• Another SC order (State Tax Officer (1) V/s Rainbow Papers Limited) is cited by the RP to make the point that that the COC cannot “secure its own dues at the cost of statutory dues owed to any Government or Governmental Authority.” In such a case, the company “would necessarily have to be liquidated and its assets sold and distributed in the manner stipulated in Section 53 of the IBC.” The RP’s contention is that MPL has money owed to the directorate of hydrocarbons under the petroleum ministry and this order would apply to it.
  • He goes on to flag issues pertaining to MPL’s parent Mercator to allege inaccurate disclosure of the exact amount outstanding to UTI Capital. Mercator Ltd had paid Rs10.17 crore to UTI Capital on 20 July 2021, to reduce its outstanding dues which was, allegedly, concealed from all creditors. This issue has also been raised by BOB before NCLT.
  • Next, Mercator’s statutory disclosure to stock exchanges on 13 December 2019 said it owed Rs195.89 crore to UTI Capital, of which Rs126.45 crore was the principal outstanding. A subsequent disclosure showed that, on 31 March 2020, it owed Rs199.45 crore to UTI Capital. However, UTI Capital claimed higher outstanding dues of Rs212.88 crore, based on an email by an assistant general manager of Mercator Ltd dated 23 April 2020. The RP asks how can an email have greater sanctity than a statutory disclosure to stock exchanges confirmed by the board of directors? UTI Capital’s inflated claims were made as recently as 14 October 2022 giving it greater clout on the COC.
  • Stock exchange disclosures by Mercator have a different date of default from that claimed by UTI Capital. The latter claimed 4 October 2018 as the default date and went on to inflate outstanding by charging an extortionate penal interest of 2.5% per month, compounded monthly from that date! Axis Trustee Company, alleges the trustee, accepted this and sent out a notice of default to Mercator (on 1 October 2020) without any explanation about why penal interest is charged backdated with effect from 4 October 2018, or why it had invoked the event of default before the expiry of 330 days without verifying all facts and circumstances.
 
In view of the litany of charges about inflated claims, the RP sought a consolidated list of submissions to the auditor, statement of accounts and clarification of claims with supporting documents on 19 October 2022. UTI Capital’s reply on 25 October offered a letter from its lawyers instead of valid proof, especially expenses of Rs2.92 crore and whether dues and penal interest had been booked as income and tax paid on it, as well as the seven-month delay in invoking the event of default.
 
UTI Capital’s Post-restructuring Interest
Now comes the interesting part. The RP points out that UTI Capital, with a lead role in the COC, needs to be all the more transparent because it is also a prospective resolution applicant (PRA) for MPL. Hence, it must ensure there is no allegation of fraud or misuse of its majority position on the COC. In summary, he seeks clarity, with proof, on the following charges: the exact date of default; the extortionate interest charged; concealment of amount received from Mercator; and inflating claims to “gain unjust advantage of more than 66% majority voting rights in the COC of MPL.”
 
He contends that if UTI Capital acquires MPL on such inflated claims, it will be at the cost of other public sector creditors, while dues of operational creditors, including the government’s department of hydrocarbons, will be written off.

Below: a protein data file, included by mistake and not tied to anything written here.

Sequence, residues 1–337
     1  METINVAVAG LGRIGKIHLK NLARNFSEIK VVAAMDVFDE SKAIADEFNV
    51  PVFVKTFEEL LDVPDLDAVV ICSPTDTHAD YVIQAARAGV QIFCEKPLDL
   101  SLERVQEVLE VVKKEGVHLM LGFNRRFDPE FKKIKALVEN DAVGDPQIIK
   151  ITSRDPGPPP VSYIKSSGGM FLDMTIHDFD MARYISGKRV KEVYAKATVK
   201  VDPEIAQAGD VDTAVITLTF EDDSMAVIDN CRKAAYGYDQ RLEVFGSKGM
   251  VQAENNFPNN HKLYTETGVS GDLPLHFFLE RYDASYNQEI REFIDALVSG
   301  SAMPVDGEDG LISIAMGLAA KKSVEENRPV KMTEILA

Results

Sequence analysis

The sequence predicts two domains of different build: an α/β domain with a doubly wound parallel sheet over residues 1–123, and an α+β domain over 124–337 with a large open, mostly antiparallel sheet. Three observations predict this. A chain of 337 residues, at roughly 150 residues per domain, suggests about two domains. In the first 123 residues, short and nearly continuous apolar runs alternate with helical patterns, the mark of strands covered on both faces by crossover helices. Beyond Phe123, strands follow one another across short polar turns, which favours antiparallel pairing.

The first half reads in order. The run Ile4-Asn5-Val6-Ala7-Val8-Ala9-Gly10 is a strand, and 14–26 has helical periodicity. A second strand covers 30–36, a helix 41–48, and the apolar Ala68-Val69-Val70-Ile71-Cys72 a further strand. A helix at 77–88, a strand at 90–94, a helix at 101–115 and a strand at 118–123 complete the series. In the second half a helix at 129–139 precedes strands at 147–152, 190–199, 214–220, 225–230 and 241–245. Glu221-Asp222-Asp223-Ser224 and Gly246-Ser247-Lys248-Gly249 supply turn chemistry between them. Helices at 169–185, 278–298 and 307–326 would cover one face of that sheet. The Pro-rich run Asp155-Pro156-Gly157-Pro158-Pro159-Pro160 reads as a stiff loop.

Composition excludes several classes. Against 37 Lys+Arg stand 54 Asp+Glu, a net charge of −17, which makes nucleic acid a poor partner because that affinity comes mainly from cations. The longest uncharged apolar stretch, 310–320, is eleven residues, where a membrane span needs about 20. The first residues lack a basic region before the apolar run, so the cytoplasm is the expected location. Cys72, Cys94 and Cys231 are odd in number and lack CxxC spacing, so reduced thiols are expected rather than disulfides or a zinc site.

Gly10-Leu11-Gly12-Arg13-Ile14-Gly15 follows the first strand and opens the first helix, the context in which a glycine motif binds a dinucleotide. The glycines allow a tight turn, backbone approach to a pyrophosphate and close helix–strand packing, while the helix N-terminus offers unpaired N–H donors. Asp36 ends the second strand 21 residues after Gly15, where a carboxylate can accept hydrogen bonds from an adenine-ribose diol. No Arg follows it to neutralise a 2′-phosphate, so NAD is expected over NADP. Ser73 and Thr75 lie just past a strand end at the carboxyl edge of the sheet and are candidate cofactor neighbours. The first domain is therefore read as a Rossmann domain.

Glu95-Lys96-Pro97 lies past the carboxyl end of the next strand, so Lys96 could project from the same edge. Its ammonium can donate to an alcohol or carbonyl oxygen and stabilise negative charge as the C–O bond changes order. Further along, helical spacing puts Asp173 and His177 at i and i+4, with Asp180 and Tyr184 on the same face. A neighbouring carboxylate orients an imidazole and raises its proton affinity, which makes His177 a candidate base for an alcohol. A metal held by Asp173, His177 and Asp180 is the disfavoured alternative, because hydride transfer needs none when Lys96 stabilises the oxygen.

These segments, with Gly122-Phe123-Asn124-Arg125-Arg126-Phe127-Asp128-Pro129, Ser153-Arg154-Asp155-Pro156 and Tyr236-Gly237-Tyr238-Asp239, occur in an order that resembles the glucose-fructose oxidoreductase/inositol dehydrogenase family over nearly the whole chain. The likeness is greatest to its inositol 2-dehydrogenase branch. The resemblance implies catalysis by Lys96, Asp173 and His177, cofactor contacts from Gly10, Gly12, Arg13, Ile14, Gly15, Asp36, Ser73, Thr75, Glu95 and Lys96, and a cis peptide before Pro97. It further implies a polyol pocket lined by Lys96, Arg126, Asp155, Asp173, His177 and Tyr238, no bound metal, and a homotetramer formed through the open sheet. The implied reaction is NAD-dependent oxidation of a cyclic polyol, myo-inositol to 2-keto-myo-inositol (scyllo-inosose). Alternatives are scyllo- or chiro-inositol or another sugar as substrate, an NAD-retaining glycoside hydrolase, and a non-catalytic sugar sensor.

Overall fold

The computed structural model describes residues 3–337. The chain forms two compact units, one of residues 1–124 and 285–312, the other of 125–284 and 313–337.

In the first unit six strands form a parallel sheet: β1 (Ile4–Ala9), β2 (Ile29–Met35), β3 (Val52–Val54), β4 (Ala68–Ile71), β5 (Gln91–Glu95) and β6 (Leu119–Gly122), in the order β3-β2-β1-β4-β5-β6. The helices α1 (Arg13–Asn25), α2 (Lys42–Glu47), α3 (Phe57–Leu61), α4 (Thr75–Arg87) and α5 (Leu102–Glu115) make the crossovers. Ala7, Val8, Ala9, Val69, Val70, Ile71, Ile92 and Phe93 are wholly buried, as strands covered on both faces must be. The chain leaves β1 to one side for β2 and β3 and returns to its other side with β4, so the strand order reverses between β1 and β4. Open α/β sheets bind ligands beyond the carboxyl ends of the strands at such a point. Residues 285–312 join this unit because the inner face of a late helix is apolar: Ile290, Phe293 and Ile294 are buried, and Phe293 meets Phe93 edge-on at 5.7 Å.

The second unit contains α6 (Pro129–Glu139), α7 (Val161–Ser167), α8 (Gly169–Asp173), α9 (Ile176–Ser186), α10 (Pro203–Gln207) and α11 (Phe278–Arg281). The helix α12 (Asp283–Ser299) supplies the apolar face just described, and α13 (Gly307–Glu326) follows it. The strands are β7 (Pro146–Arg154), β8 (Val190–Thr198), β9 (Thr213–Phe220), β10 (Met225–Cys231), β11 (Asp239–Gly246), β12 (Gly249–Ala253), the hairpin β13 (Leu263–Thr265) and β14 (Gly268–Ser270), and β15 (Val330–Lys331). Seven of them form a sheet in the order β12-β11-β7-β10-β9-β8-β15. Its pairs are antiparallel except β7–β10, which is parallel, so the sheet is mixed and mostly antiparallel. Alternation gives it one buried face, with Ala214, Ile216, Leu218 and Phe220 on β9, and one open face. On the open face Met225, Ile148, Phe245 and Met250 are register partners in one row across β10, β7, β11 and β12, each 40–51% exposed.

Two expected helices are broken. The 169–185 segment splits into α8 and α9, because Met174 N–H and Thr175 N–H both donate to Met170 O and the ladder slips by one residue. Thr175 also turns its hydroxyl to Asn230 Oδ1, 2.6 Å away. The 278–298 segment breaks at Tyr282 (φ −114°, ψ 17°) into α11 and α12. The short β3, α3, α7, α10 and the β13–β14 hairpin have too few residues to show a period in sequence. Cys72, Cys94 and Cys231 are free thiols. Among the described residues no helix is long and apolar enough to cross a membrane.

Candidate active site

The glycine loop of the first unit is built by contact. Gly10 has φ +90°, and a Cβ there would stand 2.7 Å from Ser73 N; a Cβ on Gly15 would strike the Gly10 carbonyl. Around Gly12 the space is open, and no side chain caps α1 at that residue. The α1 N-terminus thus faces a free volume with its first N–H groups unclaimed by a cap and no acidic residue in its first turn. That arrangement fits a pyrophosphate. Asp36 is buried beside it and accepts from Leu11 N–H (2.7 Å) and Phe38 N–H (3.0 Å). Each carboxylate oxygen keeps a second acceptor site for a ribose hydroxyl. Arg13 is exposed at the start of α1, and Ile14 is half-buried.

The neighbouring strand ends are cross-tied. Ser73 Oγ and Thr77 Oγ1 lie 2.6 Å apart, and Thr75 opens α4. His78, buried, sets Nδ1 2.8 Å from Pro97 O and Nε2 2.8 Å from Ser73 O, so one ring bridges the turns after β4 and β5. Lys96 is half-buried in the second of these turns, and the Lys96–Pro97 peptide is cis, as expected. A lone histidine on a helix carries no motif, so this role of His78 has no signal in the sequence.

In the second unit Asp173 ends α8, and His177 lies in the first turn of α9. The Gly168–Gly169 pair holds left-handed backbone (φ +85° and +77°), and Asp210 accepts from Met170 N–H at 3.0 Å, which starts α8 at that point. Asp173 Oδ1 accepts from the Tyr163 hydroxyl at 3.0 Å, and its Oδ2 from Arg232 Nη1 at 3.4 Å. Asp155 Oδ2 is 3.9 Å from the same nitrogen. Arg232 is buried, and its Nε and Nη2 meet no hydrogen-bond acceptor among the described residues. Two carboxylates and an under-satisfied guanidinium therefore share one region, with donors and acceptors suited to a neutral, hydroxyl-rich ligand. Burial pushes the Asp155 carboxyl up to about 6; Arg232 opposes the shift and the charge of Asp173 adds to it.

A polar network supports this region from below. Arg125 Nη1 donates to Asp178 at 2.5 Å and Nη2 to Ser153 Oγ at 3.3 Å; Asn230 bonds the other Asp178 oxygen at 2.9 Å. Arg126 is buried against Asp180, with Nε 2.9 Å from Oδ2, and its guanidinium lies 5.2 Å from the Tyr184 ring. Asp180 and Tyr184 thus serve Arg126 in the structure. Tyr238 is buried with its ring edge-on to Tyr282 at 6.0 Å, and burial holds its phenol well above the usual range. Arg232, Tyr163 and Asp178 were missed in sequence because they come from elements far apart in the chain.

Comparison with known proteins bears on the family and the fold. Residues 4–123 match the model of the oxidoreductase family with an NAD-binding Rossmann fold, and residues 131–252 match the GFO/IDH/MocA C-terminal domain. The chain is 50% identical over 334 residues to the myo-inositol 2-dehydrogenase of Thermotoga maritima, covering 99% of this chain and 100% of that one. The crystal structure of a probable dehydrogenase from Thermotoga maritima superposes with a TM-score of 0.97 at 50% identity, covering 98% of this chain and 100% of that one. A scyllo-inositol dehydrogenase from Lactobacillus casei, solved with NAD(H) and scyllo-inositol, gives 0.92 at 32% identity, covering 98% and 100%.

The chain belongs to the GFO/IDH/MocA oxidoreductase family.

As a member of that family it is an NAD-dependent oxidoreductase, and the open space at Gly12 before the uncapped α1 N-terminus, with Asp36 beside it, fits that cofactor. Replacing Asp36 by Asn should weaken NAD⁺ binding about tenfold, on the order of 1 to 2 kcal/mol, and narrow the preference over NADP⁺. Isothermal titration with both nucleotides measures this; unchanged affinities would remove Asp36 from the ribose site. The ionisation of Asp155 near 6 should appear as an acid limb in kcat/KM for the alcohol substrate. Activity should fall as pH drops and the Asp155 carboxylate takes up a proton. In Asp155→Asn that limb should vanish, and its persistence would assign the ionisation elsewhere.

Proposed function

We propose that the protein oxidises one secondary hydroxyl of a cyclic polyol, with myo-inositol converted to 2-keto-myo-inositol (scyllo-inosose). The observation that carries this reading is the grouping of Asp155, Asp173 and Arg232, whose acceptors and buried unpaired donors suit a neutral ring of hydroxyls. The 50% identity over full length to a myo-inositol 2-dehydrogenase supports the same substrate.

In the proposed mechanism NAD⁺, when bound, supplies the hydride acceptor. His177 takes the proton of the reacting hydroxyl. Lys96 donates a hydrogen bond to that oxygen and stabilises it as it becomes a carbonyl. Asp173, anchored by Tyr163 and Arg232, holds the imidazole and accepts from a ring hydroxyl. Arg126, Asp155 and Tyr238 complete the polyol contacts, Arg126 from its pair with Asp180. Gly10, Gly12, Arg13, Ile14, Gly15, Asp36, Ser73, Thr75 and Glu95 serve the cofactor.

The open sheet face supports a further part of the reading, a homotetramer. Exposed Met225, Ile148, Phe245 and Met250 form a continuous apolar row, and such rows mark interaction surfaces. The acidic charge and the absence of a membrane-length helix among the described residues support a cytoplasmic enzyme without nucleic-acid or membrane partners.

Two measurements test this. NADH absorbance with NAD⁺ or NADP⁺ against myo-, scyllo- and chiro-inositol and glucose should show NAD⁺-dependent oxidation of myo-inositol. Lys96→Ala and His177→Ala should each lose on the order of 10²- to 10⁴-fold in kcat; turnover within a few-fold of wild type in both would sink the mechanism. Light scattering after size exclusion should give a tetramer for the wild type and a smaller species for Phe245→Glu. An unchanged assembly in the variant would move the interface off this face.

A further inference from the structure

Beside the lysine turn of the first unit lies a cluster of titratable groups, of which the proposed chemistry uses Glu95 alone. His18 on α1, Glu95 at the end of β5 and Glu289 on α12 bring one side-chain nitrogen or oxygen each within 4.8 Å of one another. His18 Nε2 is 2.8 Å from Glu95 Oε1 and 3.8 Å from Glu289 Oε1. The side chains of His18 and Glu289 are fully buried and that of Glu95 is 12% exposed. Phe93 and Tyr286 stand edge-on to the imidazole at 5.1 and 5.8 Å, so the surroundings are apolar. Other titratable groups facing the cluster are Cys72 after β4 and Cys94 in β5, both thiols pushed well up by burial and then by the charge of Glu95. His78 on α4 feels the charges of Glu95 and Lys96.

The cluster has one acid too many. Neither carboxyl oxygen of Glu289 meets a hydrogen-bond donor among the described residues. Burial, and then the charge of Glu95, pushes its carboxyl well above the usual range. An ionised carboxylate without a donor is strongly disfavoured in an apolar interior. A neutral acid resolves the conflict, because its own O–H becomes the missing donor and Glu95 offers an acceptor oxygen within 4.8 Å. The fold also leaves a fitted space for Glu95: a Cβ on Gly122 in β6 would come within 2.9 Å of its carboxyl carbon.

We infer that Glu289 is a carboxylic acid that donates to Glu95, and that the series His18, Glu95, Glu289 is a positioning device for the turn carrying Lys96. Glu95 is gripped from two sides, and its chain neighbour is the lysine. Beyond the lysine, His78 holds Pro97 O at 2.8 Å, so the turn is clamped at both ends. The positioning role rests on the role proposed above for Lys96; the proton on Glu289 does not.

UTI Capital had denied these claims but documents posted below show that multiple petitions have already been filed before NCLT by BOB as well. The allegations themselves are serious enough for regulators and ministries copied by the RP to conduct a full investigation and look at MPL as a case study of what is wrong with the bankruptcy process and initiate urgent action. After all, most of the money written off belongs to the public sector banks and, hence, the people of India.
 
UTI Capital’s response was as follows: “The letter (by RP Mr Gupta) dated 27.10.2022 is in fact a reaction by the RP to an interlocutory application dated 25.10.2022 filed by us in NCLT Mumbai requesting, inter alia, an IBBI investigation against the conduct of the RP. The letter dated 27.10.2022, along with other similar letters written by the RP, have also been brought by us to the attention of the NCLT and IBBI by an affidavit dated 03.11.2022.
 
The fact of course is very different than portrayed in the letter”.
 
Attached below are documents from Bank of Baroda’s filings before NCLT.
 
1. BOB petition raising several contentious issues highlighted above. (Screenshop of the first page only)
 
 
2. BoB letter questioning UTI Capital’s claims.
 
 
3. BoB letter to UTI Capital on valuation and the removal of RP
 
 
 
Comments
yerramr
3 months ago
'It's like pot calling the kettle black.' Once the claim is admitted, it must be frozen on the date of admission. Second, the settlement must be sooner than later and not wait for the statutory period to run fully.
Kamal Garg
3 months ago
Absolutely horrible. Who will "police" the Police?
rmganatra
3 months ago
Shocking. But doesn't surprise.

"Commercial wisdom" of CoC is treated just & fair simply because it garners 66% or more votes. This needs to change immediately. There has to be fairness opinion on the fairness & justness of the CoC decision.

To create the facade of so-called "commercial wisdom", such manipulations will continue for grabbing 66% or more votes.

Punishments for claim manipulations should be stringent so that the claimants are mortally scared. Yet some cowboys will shoot from the hip. To prevent this, the claim calculations and documents should be shared with all the creditors so that the aggrieved parties can seek correction. This will rein in the cowboys.

We are tired of finding such loot by paying heavy taxes - direct and indirect.

Last but not the least, NCLTs need to be massively strengthened so that they can dispose of the matters so fast that the petition-jeevis are thoroughly disincentivised.
vaibhavdhoka
3 months ago
I am one of the NCD claimant in Neesa Liesure LTD which went bankrupt and matter is referred to IBC Ahemdabad bench.One person got list of FD holder's and asked FD holder's to submit claim through him by fees of ?500 for ?50000 & ?1000 per claim above 50000.The matter is four years old and faith of unsecured FD holder's is without any result.Now as the matter is delayed FD holder's are in doubt about recovery of claim fees paid leave aside original claim.The matter is 9 year old.Anybhopes.
Free Helpline
Legal Credit
Feedback